Vitoria (called Gasteiz in Basque) but often referred to with both names at once, is the seat of government and the capital city of the Basque Country and of the province of Álava in northern Spain. With beautiful medieval architecture and a twisty winding old town, Vitoria is a pleasure to roam about in. Lauded as a Green Capital of Europe, it has a belt of parks around it as well and is not far from mountains or sea. It is a multicultural city, ranked as one of the five best places to live in Spain, it also ranked first for cultural places per capita. It has a lively atmosphere year round with the tradition of fantastic and plentiful pintxo bars, and fine gastronomy. It is quite simply one of the most delightful cities in all of Europe.
Vitoria-Gasteiz lies in a central position in relation to the other big cities of the region and is more or less an hour’s drive in each direction from Pamplona, San Sebastian, Bilbao and Logroño. Sitting on the north-western edge of the Rioja Alavesa wine region, there are several famous wineries not far from the city itself. The Pyrenees lie to the north, and the Basque coast is also under an hour away. Situated as it is, it is no wonder that it is a crossroads of rich cultural and historical pathways.
Vitoria, the municipality (which comprises not just the city but also the agricultural lands of 63 villages around), is the largest in the Basque Country, with a total area of 276.81 square kilometers (106.88 sq mi), and it has a population of 252,571 as of May 2019. It has an elevation of 525 m (1,722 ft). Surrounded by the beautiful green hills of the Basque country and close enough to the sea to have a coastal feel to the air, it is a lovely breathable city, and in fact has been named a European Green Capital and has won awards for its sustainable tourism. The center is encircled by six large parks, The Green Ring, and one of them has a series of lakes that attracts a large number of migratory birds. Vitoria is compact, and easily navigated. The medieval old town is gorgeous with the winding streets and old stone houses evoking the era of knights and brigands.
The site of Vitoria, like most cities of the region, was inhabited before Roman times. There is evidence of a primitive village named Gasteiz, but the origins of Vitoria are unclear. It is thought that the Visigoths may have founded the city of Victoriacum in the 6th century in celebration of the defeat of the Vascones, though there is some dispute over the exact location of this city.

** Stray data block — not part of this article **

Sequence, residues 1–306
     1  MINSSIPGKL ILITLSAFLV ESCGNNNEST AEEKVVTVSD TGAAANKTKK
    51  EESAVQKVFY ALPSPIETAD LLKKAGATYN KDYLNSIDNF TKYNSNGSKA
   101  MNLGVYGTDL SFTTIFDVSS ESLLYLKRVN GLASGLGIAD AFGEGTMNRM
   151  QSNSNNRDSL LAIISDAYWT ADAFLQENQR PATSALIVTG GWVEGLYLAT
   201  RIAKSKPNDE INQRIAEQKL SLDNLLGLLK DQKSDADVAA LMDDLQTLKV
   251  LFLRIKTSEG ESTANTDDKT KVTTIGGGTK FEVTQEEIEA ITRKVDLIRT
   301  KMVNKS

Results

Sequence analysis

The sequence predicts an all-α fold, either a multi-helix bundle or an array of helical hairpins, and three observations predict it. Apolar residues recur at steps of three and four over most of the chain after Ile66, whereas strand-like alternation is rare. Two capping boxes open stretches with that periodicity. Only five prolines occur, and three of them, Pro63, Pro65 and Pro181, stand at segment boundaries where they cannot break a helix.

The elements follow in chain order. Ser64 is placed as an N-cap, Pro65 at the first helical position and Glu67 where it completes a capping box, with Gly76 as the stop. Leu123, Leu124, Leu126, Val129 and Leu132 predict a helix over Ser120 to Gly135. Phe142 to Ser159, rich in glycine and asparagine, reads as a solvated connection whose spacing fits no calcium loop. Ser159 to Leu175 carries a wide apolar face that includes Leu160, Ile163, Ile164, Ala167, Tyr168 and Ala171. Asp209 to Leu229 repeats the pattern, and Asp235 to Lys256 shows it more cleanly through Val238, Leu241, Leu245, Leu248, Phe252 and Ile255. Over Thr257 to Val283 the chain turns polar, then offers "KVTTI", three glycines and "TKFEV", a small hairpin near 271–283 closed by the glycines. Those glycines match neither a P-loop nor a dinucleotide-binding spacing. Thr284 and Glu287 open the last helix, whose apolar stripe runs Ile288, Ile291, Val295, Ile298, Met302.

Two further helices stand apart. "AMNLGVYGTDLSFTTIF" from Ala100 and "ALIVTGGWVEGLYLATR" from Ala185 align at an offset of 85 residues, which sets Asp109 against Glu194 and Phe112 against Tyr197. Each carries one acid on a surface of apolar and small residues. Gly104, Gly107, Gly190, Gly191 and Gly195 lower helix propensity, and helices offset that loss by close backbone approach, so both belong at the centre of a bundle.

It was already a walled city though when Sancho VI ‘the Wise’ King of Navarra founded the town as a defensive outpost in 1181. Shortly after, it was besieged and captured by Alfonso VIII of Castile and annexed into The Kingdom of Castile. It continued expanding into the 15th century and remained a part of Castile thereafter.
In the 17th century, it was the site of one of the most famous battles of the Peninsular Wars, when French troops led by Napoleon invaded Iberia. An army of British, Portuguese and Spanish soldiers fought together under Wellington, against the French, under Joseph Napoleon, Bonaparte’s brother. The victory of Wellington’s men eventually led to the retreat and loss of French control of Spain. Beethoven composed his symphony opus 91 in commemoration, titled “Wellington’s Victory, or the Battle of Vitoria”.
Without a doubt the Cathedral of Santa María de Vitoria cannot be missed. It is such a singular cathedral that the famous author Ken Follet studied it extensively in order to use it as his model cathedral in his spectacular bestseller Pillars of the Earth. It is also featured in the well-loved mystery novel El Silencio de la Ciudad Blanca by Basque author Eva Garcia Saenz de Urturi, where Vitoria is the backdrop to a series of murders. Indeed the town and cathedral lend themselves to literary pursuits with an air of magic and fairytale. The cathedral itself was first a church that was destroyed by fire in 1202. Alfonso VIII then had it rebuilt as a cathedral-fortress, which served as the entrance to the city. It was built upon haphazardly throughout the centuries, giving it the unique and interesting shape it has today. It is currently under construction, but the construction site can still be toured, and contains recent archeological findings within as well.